His advisor, Dr. Phil Hartman, told Phu “you might want to reconsider pre-med because you’re going to end up killing more people than you save.’ ” His comparative invertebrate anatomy professor, Dr. Gary Ferguson, said he would make a better teacher than he would a scientist.
Ferguson made Phu his teaching assistant for the next semester, telling him “you have a way of talking to your friends that makes me think you may be a very good teacher.”
After serving as a TA, Phu thought maybe he could survive college and maybe teaching would be his path. He stayed pre-med, double-majoring in biology and history. He was supposed to take the MCAT and apply to medical school, but decided his “heart wasn’t in it.” He took a year off after graduation, moving to Virginia with a roommate who was going to grad school at Charlottesville, and the following year he enrolled in the master’s program in history at William & Mary. “It was a leap — the analytical skills still weren’t there,” so he left W&M for a job teaching history at St. Stephen’s and St. Agnes School in Alexandria, Virginia.
After seven years in Alexandria, Phu was ready for a change. He accepted a job teaching history at DA, and moved here in 2003 with his wife, Kim, and daughters Julia and Meghan. It has been a great fit for Phu and his family.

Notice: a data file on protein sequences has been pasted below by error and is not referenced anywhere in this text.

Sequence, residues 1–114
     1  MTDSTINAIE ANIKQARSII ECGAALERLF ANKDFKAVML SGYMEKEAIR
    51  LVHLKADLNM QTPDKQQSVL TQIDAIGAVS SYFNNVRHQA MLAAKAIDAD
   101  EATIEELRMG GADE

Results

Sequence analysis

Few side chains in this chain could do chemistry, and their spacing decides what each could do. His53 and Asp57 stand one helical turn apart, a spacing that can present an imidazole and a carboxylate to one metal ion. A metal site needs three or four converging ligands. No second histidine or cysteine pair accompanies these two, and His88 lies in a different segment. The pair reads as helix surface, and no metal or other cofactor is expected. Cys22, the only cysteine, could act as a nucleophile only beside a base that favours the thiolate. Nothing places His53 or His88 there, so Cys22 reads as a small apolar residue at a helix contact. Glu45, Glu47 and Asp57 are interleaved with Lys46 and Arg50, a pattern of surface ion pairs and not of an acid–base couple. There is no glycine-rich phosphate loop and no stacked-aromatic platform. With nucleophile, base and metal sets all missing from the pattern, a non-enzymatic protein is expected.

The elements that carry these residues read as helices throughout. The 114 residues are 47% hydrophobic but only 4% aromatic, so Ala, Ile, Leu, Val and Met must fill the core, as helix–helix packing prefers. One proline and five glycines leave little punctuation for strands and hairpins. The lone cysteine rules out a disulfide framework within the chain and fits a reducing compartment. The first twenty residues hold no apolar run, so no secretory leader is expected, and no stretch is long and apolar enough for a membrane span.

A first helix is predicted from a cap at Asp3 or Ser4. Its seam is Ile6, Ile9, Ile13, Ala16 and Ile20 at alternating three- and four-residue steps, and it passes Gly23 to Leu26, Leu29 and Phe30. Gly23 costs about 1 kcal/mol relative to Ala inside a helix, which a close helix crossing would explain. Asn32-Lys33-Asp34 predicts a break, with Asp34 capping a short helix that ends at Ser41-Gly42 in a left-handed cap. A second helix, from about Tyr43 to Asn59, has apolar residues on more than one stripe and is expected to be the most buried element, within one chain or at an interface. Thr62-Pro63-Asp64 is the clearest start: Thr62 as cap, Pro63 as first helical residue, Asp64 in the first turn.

“There’s a whole 3-D thing about this place. It’s not just a job, seven to three or eight to four. It’s 24-hours in a good way. You care about the kids, the faculty and friends beyond academics. That’s sort of what I bring to the classroom, a 3-D way of teaching, the message in the classroom and outside. My message to the kids is it’s not about the grades. It’s about having a skill set to not only survive but to thrive in the real world. It’s about doing the right thing when no one else is looking. It’s about other people beside themselves. They have to go beyond their own little bubble. When they make decisions, think about who will be impacted. Will it be a positive impact or a negative impact? I know it’s hard for teenagers to think about that, but I have to plant the seed.”